Hoppin’ John

It is interesting to hear about the New Year’s Day traditions for luck across the world. For instance, people from Netherlands burned their Christmas tree, or in Spain red underwear for hope and prosperity or eat grapes, or eating black eyed peas (Hoppin’ John) a southern tradition.


Since I discovered the black-eyed peas tradition, each year I love to cook blacked eyed peas on New Year’s Day. This year is no different. And I found the perfect recipe on ELR. It is not only healthy but turned out delicious! Here is how I made mine with a few minor changes.

1/2 cup black eyed peas
1/4 cup brown rice
4 cherry tomatoes chopped
2 green onions sliced
some chopped cilantro
some pickled jalapeno (optional)
1-2 tbsp sour cream (optional) can use cheddar cheese instead as the original recipe call for.
salt and pepper to taste

For the relish:
1 medium tomato
1 jalapeno or Serrano pepper (de-seeded)
1-2 tbsp mustard
Soak the black-eyed peas overnight. I usually like to rinse and cook mine peas in a pressure cooker, but you can also cook on medium low with twice the amount of water for an hour. Rinse and cook the brown rice with twice the amount of water until cooked and all the water evaporates.

Meanwhile, blend the tomato, pepper and mustard in a food processor.

Mix the peas and rice. Add sliced green onions, chopped tomatoes and cilantro. Drizzle relish, add salt and pepper and mix. Top with pickled jalapeno and sour cream.

IMG_4164Happy New Year!

Quick Lunch Series: Tomato Rice


Believe it or not I had this best friend in elementary school who would bring the best tomato rice for lunch. It was not something we made at home, but in memory of those lunches, I made some this week. It is a again one of those perfect lunches for a work day meal, if you have left over rice, some tomatoes and onion!

1 cup cooked rice (basmathi or sona masuri, or jasmine if you insist)
1 medium onion sliced
3 tomatoes chopped
1 jalapeno sliced or quartered
1 tbsp chana dal
1 tbsp urad dal
1 tsp mustard seeds
1 tbsp oil
a touch of turmeric
a touch of asafoetida
salt to taste
1/2 tsp red chilli powder (optional)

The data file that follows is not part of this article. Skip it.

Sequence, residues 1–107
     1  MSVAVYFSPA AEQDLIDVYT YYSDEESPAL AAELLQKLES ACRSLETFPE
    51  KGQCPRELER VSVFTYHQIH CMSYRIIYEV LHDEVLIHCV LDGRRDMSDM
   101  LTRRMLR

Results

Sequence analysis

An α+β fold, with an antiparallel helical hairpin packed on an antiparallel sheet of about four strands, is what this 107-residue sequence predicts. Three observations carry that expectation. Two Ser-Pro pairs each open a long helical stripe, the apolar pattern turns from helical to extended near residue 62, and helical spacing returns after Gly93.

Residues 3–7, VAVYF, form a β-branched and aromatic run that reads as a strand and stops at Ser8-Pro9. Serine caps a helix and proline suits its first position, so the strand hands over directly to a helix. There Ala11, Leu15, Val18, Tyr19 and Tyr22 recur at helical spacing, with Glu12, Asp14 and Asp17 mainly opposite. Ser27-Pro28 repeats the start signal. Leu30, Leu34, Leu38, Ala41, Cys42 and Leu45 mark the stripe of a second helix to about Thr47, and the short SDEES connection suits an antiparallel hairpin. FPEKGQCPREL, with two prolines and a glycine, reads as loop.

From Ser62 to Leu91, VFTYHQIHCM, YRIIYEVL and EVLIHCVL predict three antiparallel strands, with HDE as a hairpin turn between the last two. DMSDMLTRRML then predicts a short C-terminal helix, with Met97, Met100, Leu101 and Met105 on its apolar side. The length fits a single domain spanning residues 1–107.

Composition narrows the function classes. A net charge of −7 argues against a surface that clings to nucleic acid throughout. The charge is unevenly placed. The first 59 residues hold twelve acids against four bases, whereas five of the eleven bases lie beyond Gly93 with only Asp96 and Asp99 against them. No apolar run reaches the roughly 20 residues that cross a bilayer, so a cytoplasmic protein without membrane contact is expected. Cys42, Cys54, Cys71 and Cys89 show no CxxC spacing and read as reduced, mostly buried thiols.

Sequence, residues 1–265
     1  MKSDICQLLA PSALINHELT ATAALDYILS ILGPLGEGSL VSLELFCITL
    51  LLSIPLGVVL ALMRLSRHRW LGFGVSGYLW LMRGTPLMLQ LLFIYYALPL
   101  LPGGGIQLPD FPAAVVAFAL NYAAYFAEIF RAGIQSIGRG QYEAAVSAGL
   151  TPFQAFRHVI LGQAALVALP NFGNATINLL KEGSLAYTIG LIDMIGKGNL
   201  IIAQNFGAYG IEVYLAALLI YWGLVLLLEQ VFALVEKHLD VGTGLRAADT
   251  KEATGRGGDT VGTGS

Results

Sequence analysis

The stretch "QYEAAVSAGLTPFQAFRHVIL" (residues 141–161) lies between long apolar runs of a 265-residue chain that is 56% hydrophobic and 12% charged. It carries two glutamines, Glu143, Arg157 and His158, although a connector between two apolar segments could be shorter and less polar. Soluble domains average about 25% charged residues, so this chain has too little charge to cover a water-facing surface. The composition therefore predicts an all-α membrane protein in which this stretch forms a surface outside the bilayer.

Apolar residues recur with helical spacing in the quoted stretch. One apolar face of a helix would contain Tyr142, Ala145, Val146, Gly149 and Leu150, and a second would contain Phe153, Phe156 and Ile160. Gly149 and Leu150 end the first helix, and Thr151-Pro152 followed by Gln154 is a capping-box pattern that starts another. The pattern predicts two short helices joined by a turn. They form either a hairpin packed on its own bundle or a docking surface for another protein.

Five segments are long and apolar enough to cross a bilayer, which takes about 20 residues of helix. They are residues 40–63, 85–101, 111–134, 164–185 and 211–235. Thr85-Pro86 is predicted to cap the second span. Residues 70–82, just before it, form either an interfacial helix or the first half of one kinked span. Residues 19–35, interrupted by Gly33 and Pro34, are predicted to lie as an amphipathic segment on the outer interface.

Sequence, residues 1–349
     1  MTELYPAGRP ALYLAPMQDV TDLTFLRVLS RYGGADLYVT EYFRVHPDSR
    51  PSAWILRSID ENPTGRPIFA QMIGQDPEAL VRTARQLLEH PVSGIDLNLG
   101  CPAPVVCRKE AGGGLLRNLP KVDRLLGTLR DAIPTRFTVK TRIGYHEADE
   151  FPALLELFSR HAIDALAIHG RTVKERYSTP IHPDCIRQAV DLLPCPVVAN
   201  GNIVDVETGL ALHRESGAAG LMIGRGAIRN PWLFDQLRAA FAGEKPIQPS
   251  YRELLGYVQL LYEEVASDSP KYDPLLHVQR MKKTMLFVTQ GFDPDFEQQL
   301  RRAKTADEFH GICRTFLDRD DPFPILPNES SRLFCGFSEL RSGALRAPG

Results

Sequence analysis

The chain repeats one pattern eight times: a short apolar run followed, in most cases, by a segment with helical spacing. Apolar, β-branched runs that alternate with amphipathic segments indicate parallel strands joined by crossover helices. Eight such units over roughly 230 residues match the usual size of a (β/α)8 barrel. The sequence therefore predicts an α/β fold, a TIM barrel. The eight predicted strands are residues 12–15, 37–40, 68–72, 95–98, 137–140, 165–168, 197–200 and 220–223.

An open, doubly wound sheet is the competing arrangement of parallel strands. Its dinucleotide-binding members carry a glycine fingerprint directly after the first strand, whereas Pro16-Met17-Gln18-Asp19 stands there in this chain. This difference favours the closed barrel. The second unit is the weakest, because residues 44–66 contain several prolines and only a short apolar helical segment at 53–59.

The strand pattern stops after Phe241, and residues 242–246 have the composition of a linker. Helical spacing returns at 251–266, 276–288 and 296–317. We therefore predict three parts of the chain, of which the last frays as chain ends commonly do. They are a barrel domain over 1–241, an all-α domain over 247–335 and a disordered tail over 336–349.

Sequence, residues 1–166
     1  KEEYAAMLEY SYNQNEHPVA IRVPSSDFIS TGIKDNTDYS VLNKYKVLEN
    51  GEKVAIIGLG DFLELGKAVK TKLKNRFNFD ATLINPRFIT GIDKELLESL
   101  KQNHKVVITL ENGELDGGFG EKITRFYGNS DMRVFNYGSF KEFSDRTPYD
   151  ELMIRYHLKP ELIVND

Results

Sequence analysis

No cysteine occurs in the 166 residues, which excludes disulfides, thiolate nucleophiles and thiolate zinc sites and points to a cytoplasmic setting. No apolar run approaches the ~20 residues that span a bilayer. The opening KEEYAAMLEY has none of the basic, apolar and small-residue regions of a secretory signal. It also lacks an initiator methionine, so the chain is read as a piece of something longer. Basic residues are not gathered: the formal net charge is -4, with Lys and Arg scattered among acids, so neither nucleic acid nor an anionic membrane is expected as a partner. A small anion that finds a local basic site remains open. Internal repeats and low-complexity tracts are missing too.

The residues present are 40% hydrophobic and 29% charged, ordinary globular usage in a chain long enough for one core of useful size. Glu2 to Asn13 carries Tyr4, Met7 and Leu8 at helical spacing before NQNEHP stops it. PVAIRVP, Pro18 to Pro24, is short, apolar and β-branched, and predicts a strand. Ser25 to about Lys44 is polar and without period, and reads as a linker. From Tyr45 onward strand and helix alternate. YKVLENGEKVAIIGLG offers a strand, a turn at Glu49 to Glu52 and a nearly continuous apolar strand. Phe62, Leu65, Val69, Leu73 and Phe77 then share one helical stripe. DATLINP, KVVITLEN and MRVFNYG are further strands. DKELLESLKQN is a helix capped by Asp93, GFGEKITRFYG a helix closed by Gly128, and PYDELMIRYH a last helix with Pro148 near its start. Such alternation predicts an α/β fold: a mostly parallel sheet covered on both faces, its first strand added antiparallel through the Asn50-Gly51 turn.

1 jalapeno sliced
a few curry leaves
a little chopped cilantro to garnish
1-2 tsp ghee (optional)

Heat the oil in a large pan. Add turmeric, asafoetida, channa dal, urad dal, and mustard seeds and fry till the mustard seeds start sputtering. Add curry leaves and sliced jalapeno and continue frying for a minute. Add sliced onion and fry till lightly brown. Add chopped tomato and cook till most of the moisture evaporates. Add salt to taste and red chilli powder. Add ghee if desired.

Add cooked rice, and mix well. Garnish with some chopped cilantro. Tasty. Although there is something to be said of the tartness of the tomatoes back home. Even with the 3 tomatoes I added, I thought there was no tartness to my dish. Might try roma tomatoes next time and use the juice of 1-2 tomatoes as well.

Still tomato is my 2nd best vegetable. That is after mango! Nothing beats mango rice!

Kichdi (Rice with lentils)

Khichdi is a popular one pot meal that is chiefly composed of rice and lentils. Typically the lentils of choice are moong dal (green gram) or brown lentils. You can make it with either brown or white rice. Cooking with brown rice takes longer and most times I double cook it in a pressure cooker. Also it is not as fluffy as when cooked with white basmati. Kichdi is convenient and fairly easy to cook. Perfect for that office lunch box or a week night dinner. It goes well with some raita (yogurt dish) or plain yogurt on the side.